Sue Walker joins Design Issues as Associate Editor, Archives to develop visual essays that derive from high quality collections and archives of design-related materials worldwide.
Design Issues, the first American academic journal to examine design history, theory, and criticism, provokes enquiry into the cultural and intellectual issues surrounding design. It is one of the world’s foremost research journals and a flagship product of MIT Press.
Call for contributions
We are looking for visual essays that explain an important and interesting ‘design issue’, from any period, through images from a collection or archive. This might be
- a set of related images that explains something, or tells a story, of cultural or social importance
- a set of seemingly unrelated images that, when accompanied by verbal explanation, become linked together to tell something new
- a series of single images that each represent a significant cultural or social issue
Each essay will be six black-and-white pages designed by MA Book Design students at the University of Reading, under the supervision of the Programme Director, Ruth Blacksell. The published material will have to be accompanied by copyright clearance on all the visual material.
Send proposals, or ideas for discussion, to:
Prof Sue Walker
Department of Typography & Graphic Communication
University of Reading
Reading RG6 2AU
Hyphen Press Extra has today posted – free to download – a document that gathers materials from the Typeform dialogues project, carried out by Eric Kindel, Catherine Dixon, and others at Central St Martins, London, in 1994–8 and afterwards.
Just published in the Journal of Design History, a paper by Sue Walker based on material in the Otto and Marie Neurath Collection, discusses an iconic series of books for children. ‘Explaining history to children: Otto and Marie Neurath’s work on the Visual History of Mankind’ is part of the AHRC-funded ‘Isotype revisited’ project www.isotyperevisited.org
James Mosley and Alice Savoie are contributors to a new book published to coincide with the Congrès des Musées Européens de l’Imprimerie in Lyon. James Mosley contributes an inventory of ‘the materials of typefounding’, while Alice (who is an AHRC-funded research student) writes with Alan Marshall and Bernadette Moglia on ‘our typographic heritage’.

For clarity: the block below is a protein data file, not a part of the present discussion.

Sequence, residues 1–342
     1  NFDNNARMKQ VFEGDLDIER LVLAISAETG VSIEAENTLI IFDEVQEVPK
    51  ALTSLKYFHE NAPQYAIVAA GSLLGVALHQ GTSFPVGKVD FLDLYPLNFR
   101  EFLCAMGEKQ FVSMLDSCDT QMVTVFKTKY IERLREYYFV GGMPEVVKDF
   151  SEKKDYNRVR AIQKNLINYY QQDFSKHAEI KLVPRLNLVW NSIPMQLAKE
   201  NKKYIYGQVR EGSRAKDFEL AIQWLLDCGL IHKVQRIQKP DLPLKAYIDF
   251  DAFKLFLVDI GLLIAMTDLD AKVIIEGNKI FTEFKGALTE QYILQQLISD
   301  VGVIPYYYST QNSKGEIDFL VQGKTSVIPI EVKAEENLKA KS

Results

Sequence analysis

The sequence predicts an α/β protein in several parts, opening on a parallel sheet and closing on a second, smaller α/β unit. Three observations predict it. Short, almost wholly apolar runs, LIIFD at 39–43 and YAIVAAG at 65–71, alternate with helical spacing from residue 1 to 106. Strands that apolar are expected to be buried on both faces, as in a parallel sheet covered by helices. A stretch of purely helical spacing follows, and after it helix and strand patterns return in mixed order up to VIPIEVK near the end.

Copies are available from www.imprimerie.lyon.fr
Founded by Camberwell Press‘ creative director, James Edgar, Whatever Next: a discourse in typography is an exhibition and book stemming from a series of conversations that took place in 2011. The discussions are prefaced by four essays, one of which is by Gerry Leonidas. The book will be launched at the Kemistry Gallery on 4 October, with a corresponding exhibition of visual responses to the discussions by contributors. The exhibition will run until 20 October, and is open daily 10:00–18:00, and 11:00–16:00 on Saturdays.
The fifth issue of Elliot Jay Stocks’ 8 Faces magazine went on sale yesterday. Gerry Leonidas provided one of the interviews, discussing the approach to type education we take in Reading. 8 Faces is printed in a limited run which tends to sell out very quickly, but is also available as a PDF download.
Many of the various printed editions of Oxford dictionaries are now typeset principally in Parable, a typeface designed by Christopher Burke, Research Fellow in the Department. These include the Concise, Compact, Paperback, Pocket, Little, and Colour Oxford Dictionary as well as the Oxford Paperback Thesaurus. Parable is also used effectively in the Oxford Dictionary of English (pictured) – a hefty hardback representing contemporary usage – for the entry texts, alongside Frutiger and Argo (designed by our Visiting Professor, Gerard Unger).
Christopher designed Parable between 1996 and 2002, specifically for use at small typesizes in books such as dictionaries and bibles. It was introduced into the Oxford dictionary range in 2004 by OUP designer Michael Johnson (also an alumnus of the department) when he was redesigning the Concise Oxford Dictionary. At Michael’s request, Christopher designed an alternative italic ampersand especially for the entry ‘ampersand’, because the dictionary’s editors were uncomfortable with Parable’s Granjonesque one. (See more about this here.)